At a price of $84,000 for a 12-week regimen, Sovaldi and its recently approved corporate relative, Harvoni (fixed-dose combination of sofosbuvir and ledipasvir), will tax the capabilities of health plans with that unending question: Who pays? Or, rather: How can it be covered?
Our cover package by Contributing Editor Joseph Burns starts by asking how or whether health plans can get a reasonable return on investment for these and other miracle drugs. Ideas abound. Peter B. Bach, MD, an attending physician at the Memorial Sloan Kettering Cancer Center, thinks that it might be possible to set rates at the cost per year of life gained.
Benjamin Isgur, director of PwC’s Health Research Institute, says that huge upfront costs could be balanced by better outcomes down the road. The $1,000 pill a patient takes today might prevent the $580,000 liver transplant later. To which the health plan might ask: Will this patient still be in our plan? But HCV past or present, would any plan want such a member?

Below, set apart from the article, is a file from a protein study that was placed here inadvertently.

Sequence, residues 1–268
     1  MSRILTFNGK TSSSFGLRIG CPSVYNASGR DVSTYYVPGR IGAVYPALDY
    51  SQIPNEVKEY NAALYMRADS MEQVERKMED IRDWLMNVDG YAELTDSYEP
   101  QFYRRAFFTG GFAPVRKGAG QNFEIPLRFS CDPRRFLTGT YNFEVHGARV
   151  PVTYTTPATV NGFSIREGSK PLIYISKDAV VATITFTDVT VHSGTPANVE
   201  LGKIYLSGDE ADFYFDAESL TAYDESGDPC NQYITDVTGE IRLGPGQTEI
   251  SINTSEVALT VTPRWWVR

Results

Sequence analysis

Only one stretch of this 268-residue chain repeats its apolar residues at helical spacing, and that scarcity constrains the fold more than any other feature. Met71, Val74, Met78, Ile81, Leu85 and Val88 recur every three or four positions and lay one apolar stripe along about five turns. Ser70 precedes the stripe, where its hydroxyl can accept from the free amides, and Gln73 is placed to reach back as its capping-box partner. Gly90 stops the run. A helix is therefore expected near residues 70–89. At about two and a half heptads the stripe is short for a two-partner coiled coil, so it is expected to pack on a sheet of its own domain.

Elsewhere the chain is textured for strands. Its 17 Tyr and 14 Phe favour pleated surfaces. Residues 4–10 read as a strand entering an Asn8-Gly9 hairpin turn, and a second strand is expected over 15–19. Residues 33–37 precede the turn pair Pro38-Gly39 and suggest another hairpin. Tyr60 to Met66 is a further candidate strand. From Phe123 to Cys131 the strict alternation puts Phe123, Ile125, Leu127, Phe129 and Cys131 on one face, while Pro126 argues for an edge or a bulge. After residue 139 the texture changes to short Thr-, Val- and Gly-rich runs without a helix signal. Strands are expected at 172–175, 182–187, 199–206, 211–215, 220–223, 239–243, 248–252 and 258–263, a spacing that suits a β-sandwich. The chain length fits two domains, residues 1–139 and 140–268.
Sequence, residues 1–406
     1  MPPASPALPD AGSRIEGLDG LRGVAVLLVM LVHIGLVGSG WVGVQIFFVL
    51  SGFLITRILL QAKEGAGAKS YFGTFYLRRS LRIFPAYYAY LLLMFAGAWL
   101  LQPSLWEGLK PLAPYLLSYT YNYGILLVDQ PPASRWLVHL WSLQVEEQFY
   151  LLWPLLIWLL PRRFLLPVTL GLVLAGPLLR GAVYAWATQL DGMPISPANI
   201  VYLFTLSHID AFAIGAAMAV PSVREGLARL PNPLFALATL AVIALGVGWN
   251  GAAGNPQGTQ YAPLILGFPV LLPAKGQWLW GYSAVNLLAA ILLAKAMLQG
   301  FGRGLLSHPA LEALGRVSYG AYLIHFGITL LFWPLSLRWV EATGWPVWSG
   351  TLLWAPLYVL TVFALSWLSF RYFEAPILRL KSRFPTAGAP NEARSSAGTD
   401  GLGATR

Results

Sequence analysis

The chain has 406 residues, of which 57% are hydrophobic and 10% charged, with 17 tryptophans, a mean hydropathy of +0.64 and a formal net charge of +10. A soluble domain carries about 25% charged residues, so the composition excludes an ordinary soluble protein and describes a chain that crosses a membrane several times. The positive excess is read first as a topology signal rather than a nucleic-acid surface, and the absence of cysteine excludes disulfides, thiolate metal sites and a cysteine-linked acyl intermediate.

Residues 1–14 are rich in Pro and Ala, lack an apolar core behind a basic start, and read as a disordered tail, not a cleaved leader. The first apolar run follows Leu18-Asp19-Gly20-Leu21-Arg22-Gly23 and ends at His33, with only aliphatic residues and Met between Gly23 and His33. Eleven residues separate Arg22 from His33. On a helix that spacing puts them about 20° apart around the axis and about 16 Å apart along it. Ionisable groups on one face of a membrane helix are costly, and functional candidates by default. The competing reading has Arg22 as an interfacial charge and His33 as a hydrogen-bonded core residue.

Joe’s coverage then shifts to the considerable problem of how to treat patients with these drugs without bankrupting them. Health plans might consider linking coinsurance levels to members’ ability to pay, says F. Randy Vogenberg, PhD, RPh, a member of Managed Care’s Editorial Advisory Board. “Maybe the employer could eliminate the medication coinsurance for the employee making $15,000, and maybe the one making $150,000 has some type of coinsurance indexed to salary,” Vogenberg suggests.
This is at a time when consumers are increasing their clout. A recent study in Health Affairs mentions the pressure to cover drugs for Gaucher’s and Fabry’s diseases. The study states, “Well-organized patient advocacy groups appropriately ensure that others hear the [patients’] message that receiving the medications is a matter of life or death. And payers have chosen to accept the usually high spending required for them.” For now, anyway.